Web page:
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Influence. The Psychology of Persuasion (in IT)

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This presentation is inspired by famous book by Robert Cialdini "Influence: The Psychology of Persuasion" and will be useful to those who would like to get acquainted with popular weapons of influence or just broaden own outlook. It recalls real life cases mentioned in the book as well as similar situations that are fully IT-related and based on my own experience and observation.

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Veröffentlicht in: Leadership & Management
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Influence. The Psychology of Persuasion (in IT)

  1. 1. Influence The Psychology of Persuasion* (in IT) TARAS MATYASHOVSKYY * Inspired by Robert Cialdini famous book
  2. 2. About me
  3. 3. Warning When using approaches described ahead, make sure that you use them honestly and by persuading people to do things that are good for them. If you persuade people to do things that are wrong for them, then this is manipulative, and it's unethical.
  4. 4. The 6 Principles of Influence also known as the Weapons of Influence • Reciprocation • Consistency • Social proof • Liking • Authority • Scarcity
  5. 5. Weapons of Influence
  6. 6. Shortcut “Civilization advances by extending the number of important operations which we can perform without thinking of them.” - Alfred North Whitehead, English mathematician and philosopher
  7. 7. Shortcut Motivations People tend to respond intelligently to the information when they have the desire and the ability to thoroughly analyze it
  8. 8. Shortcut Examples
  9. 9. Shortcut Examples • Expensive = good • Pink for girls, blue for boys • Dolls for girls, cars for boys • Handbag and shoes should match • Blondes and IQ • All domestic goods are of poor quality • Etc.
  10. 10. Shortcut Examples in IT • Legacy projects • Testing takes a lot of time • Technology X sucks • Customer doesn’t know what he/she wants • TL/PM knows what he/she is doing • Similar tasks – same old solutions • Etc.
  11. 11. Contrast Principle The way we see the difference between two things that are presented one after another
  12. 12. Contrast Principle Examples • Real estate agents and rents • Expensive thing first, accessories second • Beautiful woman first, less attractive second • Etc.
  13. 13. Contrast Principle Examples in IT • Interesting task first, boring second • Complex task first, simple second • Project descriptions during recruiting • Etc.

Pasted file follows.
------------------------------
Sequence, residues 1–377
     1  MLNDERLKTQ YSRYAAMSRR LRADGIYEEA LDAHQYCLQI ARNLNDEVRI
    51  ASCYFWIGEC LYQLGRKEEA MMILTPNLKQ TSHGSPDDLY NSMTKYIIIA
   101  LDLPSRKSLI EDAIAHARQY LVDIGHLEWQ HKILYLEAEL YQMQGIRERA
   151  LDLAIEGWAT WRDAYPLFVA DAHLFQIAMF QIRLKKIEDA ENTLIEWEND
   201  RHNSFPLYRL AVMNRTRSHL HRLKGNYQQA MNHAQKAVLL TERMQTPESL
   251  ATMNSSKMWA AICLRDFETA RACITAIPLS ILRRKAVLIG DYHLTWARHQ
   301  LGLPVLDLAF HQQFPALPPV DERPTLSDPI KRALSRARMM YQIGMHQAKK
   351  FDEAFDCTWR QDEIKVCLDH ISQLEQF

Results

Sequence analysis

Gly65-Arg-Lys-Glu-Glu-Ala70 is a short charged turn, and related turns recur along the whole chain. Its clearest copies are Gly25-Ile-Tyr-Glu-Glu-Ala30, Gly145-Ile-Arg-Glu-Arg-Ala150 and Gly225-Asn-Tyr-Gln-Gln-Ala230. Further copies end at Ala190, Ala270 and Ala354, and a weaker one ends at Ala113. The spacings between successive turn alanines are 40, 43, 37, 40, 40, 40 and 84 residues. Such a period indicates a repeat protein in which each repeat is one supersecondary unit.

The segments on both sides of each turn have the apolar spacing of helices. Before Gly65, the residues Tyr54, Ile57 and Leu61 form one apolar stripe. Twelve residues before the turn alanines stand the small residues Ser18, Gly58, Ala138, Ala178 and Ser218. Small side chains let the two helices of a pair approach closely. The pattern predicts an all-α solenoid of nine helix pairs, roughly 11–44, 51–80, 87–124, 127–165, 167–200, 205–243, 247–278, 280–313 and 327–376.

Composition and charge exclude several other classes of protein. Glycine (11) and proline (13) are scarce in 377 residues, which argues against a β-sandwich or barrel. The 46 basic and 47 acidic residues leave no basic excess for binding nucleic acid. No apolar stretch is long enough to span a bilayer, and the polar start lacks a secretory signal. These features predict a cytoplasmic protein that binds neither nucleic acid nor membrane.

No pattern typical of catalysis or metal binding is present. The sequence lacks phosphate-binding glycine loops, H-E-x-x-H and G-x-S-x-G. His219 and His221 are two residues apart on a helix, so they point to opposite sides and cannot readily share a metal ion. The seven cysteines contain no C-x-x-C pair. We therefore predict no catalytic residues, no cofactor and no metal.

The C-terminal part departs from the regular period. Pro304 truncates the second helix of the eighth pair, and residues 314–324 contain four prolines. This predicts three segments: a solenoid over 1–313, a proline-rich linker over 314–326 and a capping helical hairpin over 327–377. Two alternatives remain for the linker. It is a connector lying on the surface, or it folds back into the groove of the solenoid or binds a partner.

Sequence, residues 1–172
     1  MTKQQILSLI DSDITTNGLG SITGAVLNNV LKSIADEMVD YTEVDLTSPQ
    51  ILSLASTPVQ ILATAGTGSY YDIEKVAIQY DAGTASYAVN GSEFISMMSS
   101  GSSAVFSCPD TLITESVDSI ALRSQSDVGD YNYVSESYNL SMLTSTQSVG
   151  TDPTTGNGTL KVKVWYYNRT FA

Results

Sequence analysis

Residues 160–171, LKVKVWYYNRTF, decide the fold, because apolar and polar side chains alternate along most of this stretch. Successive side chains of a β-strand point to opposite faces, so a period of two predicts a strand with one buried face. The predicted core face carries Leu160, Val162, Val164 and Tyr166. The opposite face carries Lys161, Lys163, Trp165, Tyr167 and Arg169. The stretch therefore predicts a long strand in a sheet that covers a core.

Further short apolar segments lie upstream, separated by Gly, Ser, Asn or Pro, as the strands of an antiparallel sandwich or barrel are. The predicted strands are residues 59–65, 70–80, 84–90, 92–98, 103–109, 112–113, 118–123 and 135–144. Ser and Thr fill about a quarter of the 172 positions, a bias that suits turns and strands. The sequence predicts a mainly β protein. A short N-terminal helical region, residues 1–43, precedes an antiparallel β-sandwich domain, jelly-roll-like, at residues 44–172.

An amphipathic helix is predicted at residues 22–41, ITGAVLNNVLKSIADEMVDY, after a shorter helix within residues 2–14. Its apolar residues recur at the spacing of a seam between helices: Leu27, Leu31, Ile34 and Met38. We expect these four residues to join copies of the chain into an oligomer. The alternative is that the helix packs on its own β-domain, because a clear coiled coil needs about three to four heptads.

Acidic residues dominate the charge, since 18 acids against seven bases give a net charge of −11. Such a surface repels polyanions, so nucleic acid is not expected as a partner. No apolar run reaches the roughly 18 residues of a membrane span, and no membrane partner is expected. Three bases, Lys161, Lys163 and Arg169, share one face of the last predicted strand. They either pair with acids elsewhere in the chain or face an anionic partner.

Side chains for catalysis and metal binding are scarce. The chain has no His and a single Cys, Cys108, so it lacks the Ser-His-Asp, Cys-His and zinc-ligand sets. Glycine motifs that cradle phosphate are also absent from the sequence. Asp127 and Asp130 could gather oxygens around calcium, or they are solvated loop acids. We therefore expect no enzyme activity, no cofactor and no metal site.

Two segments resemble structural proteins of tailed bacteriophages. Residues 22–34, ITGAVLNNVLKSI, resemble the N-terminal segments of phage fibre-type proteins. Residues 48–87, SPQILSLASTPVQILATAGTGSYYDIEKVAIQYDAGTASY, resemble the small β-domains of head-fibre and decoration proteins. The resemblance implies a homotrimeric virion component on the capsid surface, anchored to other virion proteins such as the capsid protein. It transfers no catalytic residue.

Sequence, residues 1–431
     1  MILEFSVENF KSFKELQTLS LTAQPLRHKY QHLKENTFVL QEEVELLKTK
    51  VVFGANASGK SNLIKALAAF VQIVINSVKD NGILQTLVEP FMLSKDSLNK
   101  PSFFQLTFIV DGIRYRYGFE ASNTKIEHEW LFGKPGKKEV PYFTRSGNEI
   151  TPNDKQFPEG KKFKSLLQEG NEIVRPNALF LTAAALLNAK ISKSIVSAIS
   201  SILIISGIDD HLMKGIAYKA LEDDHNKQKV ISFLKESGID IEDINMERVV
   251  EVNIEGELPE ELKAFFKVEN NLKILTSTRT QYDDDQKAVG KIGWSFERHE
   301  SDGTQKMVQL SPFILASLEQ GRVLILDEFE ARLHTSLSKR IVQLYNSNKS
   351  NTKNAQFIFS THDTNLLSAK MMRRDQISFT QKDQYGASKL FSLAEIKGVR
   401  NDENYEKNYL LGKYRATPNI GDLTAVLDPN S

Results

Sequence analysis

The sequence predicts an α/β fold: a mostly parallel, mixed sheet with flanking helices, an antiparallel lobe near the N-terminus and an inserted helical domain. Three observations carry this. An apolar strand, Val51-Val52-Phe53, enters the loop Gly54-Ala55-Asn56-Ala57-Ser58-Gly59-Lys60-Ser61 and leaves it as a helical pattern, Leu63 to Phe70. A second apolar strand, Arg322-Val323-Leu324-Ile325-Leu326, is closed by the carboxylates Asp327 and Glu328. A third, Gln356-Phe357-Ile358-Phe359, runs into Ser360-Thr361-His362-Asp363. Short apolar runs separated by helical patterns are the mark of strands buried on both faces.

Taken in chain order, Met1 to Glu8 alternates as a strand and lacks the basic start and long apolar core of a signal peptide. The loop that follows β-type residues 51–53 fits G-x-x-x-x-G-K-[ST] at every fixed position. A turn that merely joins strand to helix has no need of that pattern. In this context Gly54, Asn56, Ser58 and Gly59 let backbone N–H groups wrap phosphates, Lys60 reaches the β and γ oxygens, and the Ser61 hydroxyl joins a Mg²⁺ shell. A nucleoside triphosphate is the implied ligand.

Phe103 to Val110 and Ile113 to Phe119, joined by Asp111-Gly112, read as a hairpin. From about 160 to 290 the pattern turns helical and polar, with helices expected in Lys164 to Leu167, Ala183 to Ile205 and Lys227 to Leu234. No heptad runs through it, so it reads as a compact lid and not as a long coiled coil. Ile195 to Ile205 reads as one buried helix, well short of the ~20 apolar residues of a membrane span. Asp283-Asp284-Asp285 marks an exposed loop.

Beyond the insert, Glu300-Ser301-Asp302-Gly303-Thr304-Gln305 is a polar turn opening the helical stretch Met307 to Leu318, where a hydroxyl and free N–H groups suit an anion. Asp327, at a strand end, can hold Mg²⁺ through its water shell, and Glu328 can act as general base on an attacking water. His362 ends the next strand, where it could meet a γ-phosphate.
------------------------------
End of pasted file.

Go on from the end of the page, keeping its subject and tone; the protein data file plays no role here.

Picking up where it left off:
14. 14. Reasoning People simply like to have reasons for what they do
  15. 15. Effect Captainitis Automatic, but irrational compliance usually thrives in organizations with clearly defined hierarchies
  16. 16. Effect Captainitis in IT Mistakes made by senior engineers, TL/PM, customer/clients are easily ignored
  17. 17. Reciprocation Give and Take
  18. 18. Give and Take As humans, we generally aim to return favors, pay back debts, and treat others as they treat us
  19. 19. Reciprocation Examples • Quid pro quo • Birthday presents • Invitations to parties • Expression of courtesy • etc.
  20. 20. The Reciprocation Rule Is Overpowering It overwhelms the influence of a factor, liking for the requester, that normally affects the decision to comply
  21. 21. The Reciprocation Rule is a Weapon of Influence The rule enforces uninvited debts
  22. 22. The Reciprocation Rule is a Weapon of Influence The rule can trigger unfair exchanges
  23. 23. The Reciprocation Rule is a Weapon of Influence Reciprocal concessions, i.e. rejection-then-retreat technique
  24. 24. The Reciprocation Rule in IT • Extremely complex task – retreat – complex task, that was the goal right from the start • Extremely boring task – retreat – boring task, that was the goal right from the start • Expensive conference compensation – retreat – cheaper conference compensation • Headhunter offer – retreat – “Can you recommend someone?” • Etc.
  25. 25. Should I Say No? • reciprocation rule is not bad in general • reject is not the best option • favor vs. trick
  26. 26. Commitment and Consistency
  27. 27. Commitment and Consistency “It is easier to resist at the beginning than at the end.” - Leonardo da Vinci, Italian painter, scientist, and engineer
  28. 28. From Commitment to Consistency Humans have a deep desire to be consistent. For this reason, once we've committed to something, we're then more inclined to go through with it.
  29. 29. Commitment Examples • “Watch my things” • Signing petitions • Lowball strategy • College initiation ceremony • Etc.
  30. 30. Commitment is the Key • committing power of written or verbal statement • committing power of public statement • committing power when appropriate actions are effortful
  31. 31. Commitment Is Not Always Bad
  32. 32. Commitment in IT • Meetings • Action items after meetings • Wiki pages • Emails sent to “all” • Etc.
  33. 33. Commitment and Consistency “A foolish consistency is the hobgoblin of little minds.” - Ralph Waldo Emerson, American essayist, lecturer, and poet
  34. 34. Social Proof
  35. 35. Social Proof "safety in numbers" “Where all think alike, no one thinks very much.” - Walter Lippmann, American writer, reporter, and political commentator
  36. 36. The Principle of Social Proof We use to determine what is correct by finding out what other people think is correct